That pic with the rusting bouys in it is close to the old house site , on that side there was the shipyard , boathouse and a couple of buildings , it all was removed in the 80's
On the other side( facing Woy Woy) is where some old 1800's wharf stones remain and a skeletised Pine tree marking the first residence on Rileys in 1840

michael said...

got my problem with the USB cable all sorted out now - all I had to do was download Nokia PC suite to my computer and its all working now

Spike said...

Steve said:
On the other side( facing Woy Woy) ...a skeletised Pine tree marking the first residence on Rileys in 1840

Looked for that pine specially the other day and couldn't see the bastard. Maybe it came down in the last wind.

Are the stones visible at low tide or are they a diving job?

Michael, giss your flickr URL again so I can get the bastard posted right this time.

Anonymous said...

This island was owned by my great grandfather (Daisley) who bought it from the Rileys in the early 1920-30s is think.

The original Rileys house was on the back of the island (the other side to the one with the rusting barge on the front - see pic)

On the front there were three main houses and a warf with a swimming baths area.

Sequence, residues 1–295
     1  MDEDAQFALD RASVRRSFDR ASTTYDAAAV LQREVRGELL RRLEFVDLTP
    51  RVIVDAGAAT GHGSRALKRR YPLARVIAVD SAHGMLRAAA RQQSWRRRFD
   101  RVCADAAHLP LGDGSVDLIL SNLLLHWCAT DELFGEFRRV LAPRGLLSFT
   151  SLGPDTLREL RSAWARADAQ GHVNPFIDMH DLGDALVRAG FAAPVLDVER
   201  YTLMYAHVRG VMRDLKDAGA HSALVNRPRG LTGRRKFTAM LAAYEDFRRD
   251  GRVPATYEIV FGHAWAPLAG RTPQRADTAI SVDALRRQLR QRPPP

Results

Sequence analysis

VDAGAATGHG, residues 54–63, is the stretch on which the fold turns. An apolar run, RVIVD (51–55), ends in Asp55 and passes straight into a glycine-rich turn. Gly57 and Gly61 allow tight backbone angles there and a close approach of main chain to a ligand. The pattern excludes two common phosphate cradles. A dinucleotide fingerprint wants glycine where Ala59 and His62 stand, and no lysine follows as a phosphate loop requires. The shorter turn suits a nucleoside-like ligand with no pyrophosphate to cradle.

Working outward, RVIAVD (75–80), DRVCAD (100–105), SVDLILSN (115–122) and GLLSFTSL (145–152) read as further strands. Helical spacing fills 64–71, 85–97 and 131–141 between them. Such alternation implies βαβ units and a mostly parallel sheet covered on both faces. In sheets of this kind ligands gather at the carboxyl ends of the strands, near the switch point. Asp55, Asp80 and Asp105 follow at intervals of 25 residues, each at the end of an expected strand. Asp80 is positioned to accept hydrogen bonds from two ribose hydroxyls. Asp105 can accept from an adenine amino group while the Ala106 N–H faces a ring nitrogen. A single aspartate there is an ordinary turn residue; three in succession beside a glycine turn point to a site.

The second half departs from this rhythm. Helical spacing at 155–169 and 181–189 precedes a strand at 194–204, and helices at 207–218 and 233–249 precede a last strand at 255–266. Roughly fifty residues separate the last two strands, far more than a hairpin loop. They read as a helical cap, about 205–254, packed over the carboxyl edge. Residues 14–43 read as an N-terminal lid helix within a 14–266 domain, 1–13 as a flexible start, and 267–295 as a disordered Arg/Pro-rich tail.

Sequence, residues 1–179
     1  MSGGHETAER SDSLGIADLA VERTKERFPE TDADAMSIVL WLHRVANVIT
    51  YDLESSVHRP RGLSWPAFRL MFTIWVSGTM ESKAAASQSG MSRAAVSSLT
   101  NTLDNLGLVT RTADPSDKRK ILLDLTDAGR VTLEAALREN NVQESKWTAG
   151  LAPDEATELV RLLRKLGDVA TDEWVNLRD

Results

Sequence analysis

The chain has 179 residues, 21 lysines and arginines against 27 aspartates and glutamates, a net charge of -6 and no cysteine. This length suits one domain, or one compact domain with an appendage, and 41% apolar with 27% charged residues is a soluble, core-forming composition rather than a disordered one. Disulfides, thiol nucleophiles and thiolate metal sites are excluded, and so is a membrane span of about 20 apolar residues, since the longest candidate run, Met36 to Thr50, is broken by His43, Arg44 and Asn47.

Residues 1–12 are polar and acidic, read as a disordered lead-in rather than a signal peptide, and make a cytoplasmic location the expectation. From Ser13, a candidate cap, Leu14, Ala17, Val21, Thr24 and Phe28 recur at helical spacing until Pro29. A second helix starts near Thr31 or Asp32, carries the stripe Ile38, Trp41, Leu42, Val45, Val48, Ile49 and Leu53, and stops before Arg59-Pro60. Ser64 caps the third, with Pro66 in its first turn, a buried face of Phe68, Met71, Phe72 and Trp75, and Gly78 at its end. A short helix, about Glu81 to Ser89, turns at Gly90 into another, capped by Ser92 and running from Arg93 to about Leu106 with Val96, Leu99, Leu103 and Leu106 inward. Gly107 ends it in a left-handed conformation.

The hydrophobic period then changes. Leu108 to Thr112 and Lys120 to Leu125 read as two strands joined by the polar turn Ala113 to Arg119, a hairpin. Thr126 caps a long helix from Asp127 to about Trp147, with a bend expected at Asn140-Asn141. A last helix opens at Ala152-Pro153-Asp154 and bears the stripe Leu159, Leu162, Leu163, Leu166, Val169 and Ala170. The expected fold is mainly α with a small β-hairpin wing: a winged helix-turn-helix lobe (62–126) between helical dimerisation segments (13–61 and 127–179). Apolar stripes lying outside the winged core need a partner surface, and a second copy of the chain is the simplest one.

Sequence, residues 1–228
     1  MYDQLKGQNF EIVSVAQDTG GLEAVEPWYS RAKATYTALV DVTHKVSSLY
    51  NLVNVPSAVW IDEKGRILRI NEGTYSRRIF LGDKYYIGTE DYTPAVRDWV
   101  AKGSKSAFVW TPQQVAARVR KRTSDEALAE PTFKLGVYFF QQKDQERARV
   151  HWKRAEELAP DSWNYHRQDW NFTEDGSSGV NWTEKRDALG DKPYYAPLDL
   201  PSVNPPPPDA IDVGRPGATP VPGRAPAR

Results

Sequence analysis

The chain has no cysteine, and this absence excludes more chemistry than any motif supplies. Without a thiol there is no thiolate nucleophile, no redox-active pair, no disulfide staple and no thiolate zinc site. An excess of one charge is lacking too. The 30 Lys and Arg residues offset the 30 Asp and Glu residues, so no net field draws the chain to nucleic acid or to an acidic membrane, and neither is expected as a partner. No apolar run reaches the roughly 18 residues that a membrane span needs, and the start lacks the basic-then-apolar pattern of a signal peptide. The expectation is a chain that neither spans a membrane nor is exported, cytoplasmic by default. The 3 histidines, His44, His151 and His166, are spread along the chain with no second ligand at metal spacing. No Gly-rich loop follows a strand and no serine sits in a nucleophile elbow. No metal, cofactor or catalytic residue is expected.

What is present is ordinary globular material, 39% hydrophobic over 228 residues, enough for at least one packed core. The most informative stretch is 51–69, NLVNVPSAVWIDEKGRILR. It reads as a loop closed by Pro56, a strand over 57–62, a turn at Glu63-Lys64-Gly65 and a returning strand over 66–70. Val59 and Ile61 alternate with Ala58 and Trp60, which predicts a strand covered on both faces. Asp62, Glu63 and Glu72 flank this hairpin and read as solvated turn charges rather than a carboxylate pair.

They were just on the right of where the old barge is sitting today.

The island was used as a farm and holiday place for years until it was sold to LJ Hookers who wanted to ruin it.

My mother and all her cousins grew up visiting the island going fishing and collecting mussels from the pilons of the baths.

I will post some photos when I can, but not much has been said about my family the second owners.

Duncan.

Spike said...

Duncan, me and my commenters and lurkers would LOVE to see some photos and hear some more stuff about Rileys. You know how people who don't own islands are.

Link me for local linkage or email me some images and stuff for an attributed post.

spikebotster [thingy] gmail [dottage] com

Anonymous said...

All very interesting. However here's some info that might fill in some gaps... My grandfather Donald Daisley actually purchased the island from the Riley familiy in about 1946, or there abouts. He bought it back then for 11000 quid. It was used by him and his 2 sisters, and his family. Donald had 4 children, all of whom used to spend a lot of time on the island. Donald later sold the property in the late 70's to a realter who later did a land deal to ensure it was kept a national park. Hope this info helps... Justine

Ross Daisley said...

To add to the information already stated by Duncan and Justine.